Spain: Composite PMI suggests strong growth in January
February 5, 2018
Solid business conditions in the service sector and resilient dynamics in manufacturing led the IHS Markit composite Purchasing Managers’ Index (PMI) to pick up to 56.7 in January from 55.4 in the previous month, marking the third consecutive rise in the index and the highest reading in six months. As a result, the index lies further above the 50-point threshold, indicating healthy expansion in business activity in the Spanish economy.
Business conditions in Spain’s service sector improved markedly in January, with the IHS Markit services PMI rising from 54.6 in December to 56.9 in January, a seven-month high. The increase in the index was largely attributable to a favorable economic environment, boosting growth in business activity and new orders. In addition, due to upbeat business conditions, new business growth and company expansion plans, firms kept up the healthy pace of job creation seen throughout Q4 in January. On the inflation front, input prices rose at the fastest clip in nearly a decade on the back of higher labor and fuel costs, and supplier charges. Output prices also increased as strong demand prompted firms to pass part of the higher cost burden to consumers, with output inflation at its fastest in almost 11 years. Meanwhile, business confidence remained upbeat, with optimism among firms reaching the highest level in seven months.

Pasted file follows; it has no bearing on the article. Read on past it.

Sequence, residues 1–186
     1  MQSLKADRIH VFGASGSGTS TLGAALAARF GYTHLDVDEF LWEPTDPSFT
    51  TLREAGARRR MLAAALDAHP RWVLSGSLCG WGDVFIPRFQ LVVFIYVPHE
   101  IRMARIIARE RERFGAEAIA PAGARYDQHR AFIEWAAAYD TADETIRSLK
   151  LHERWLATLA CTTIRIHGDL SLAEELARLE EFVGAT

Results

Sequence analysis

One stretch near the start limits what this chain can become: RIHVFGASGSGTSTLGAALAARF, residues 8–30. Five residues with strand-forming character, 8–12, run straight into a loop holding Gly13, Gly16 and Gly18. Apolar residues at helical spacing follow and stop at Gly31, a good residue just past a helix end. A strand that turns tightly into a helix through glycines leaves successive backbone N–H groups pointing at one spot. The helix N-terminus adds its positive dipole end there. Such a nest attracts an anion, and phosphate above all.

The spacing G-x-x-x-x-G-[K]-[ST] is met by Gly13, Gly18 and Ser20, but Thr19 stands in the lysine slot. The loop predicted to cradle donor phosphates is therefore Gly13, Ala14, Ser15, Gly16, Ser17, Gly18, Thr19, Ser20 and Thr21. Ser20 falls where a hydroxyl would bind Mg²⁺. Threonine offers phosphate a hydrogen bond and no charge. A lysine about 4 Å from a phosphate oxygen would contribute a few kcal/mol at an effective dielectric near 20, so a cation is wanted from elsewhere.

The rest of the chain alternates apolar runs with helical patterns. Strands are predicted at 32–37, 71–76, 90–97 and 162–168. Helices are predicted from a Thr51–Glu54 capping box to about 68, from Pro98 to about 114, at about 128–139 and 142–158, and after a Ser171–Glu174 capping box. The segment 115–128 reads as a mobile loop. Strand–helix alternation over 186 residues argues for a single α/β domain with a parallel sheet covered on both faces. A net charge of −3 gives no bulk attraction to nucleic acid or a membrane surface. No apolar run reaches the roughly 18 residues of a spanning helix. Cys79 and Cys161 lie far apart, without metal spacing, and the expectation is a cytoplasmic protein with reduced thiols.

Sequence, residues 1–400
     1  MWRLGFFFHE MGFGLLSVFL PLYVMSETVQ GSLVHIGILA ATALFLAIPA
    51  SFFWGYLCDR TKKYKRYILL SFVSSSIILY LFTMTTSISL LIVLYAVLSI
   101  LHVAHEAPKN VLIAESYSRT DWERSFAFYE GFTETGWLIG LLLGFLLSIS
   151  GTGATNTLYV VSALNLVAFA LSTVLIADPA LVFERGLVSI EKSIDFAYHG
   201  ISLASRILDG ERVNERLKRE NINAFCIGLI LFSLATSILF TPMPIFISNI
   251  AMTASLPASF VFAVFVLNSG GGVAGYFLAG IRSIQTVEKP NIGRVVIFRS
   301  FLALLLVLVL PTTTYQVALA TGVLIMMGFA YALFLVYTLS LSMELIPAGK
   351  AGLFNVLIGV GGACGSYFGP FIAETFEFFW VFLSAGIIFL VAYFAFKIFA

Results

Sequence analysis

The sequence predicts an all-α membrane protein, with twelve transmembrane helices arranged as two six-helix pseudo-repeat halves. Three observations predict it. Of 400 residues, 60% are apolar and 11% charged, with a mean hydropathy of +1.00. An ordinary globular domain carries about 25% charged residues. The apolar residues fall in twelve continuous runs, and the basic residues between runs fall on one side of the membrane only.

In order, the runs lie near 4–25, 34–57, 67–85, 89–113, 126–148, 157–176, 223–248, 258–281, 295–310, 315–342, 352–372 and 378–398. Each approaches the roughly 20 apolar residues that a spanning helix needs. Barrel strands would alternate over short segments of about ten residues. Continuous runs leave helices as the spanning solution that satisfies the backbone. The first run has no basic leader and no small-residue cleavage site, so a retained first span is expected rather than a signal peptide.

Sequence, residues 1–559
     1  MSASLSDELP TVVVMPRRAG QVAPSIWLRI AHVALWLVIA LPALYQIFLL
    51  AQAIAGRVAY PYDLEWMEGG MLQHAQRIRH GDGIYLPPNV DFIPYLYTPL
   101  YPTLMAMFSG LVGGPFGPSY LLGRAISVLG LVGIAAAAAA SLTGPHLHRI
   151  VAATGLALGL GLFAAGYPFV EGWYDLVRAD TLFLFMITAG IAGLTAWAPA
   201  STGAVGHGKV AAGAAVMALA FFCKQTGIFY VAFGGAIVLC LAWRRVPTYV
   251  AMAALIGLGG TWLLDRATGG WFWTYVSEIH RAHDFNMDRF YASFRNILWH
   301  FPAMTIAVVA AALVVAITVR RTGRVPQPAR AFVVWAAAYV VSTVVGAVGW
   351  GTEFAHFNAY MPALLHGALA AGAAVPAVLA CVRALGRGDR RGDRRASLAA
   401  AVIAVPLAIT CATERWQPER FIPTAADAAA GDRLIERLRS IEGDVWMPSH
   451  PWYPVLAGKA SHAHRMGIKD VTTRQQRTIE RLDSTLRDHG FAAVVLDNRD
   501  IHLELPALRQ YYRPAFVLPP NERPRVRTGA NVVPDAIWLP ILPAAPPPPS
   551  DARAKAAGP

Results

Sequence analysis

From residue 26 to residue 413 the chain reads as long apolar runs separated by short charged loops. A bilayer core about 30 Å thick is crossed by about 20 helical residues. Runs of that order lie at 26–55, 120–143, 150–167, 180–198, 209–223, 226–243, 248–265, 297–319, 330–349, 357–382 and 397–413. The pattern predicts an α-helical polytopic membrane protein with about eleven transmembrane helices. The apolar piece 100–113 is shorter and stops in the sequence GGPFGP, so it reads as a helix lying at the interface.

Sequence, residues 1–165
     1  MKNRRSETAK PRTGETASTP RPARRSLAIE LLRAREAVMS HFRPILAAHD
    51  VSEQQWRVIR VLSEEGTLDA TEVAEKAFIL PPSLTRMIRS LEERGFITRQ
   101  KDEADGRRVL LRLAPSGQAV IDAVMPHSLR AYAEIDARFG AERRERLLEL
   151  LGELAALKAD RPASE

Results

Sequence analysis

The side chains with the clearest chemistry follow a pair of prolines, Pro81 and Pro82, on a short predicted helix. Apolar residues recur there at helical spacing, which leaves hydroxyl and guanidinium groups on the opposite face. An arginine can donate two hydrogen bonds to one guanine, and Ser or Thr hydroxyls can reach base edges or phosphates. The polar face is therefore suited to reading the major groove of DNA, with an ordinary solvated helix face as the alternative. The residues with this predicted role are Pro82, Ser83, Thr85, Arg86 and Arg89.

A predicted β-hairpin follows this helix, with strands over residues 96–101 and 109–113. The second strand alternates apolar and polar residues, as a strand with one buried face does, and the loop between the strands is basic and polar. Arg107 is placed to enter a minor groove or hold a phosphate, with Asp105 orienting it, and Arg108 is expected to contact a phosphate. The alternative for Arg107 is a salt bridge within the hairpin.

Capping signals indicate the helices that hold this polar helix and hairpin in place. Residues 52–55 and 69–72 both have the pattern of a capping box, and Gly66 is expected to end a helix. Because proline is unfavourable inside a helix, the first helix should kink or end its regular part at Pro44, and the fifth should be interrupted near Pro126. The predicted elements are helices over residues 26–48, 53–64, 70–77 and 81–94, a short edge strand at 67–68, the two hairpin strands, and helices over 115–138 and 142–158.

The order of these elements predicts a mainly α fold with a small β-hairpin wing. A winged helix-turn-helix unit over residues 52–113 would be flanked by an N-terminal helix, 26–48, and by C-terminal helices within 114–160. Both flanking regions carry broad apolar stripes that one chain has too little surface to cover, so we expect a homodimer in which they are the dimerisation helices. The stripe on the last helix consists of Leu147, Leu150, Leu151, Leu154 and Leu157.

Conversely, the IHS Markit manufacturing PMI recorded a slight decline in January, moderating to 55.2 from 55.8 in December. Despite edging down, January’s PMI still signaled a solid performance in the Spanish manufacturing sector. Output growth was robust in January, driven by a faster rise in new orders amid stronger demand both at home and abroad. The pace of hiring also remained solid in January despite moderating slightly from December, as firms responded to a continued increase in backlogs of work and higher production targets. On the price front, input cost inflation was high due to rising raw material prices, particularly for oil and metals. These higher costs translated to higher output prices. As was the case among service providers, business sentiment among manufacturers improved from the previous month, as firms expected output to increase in the coming months.
Author: Javier Colato, Economist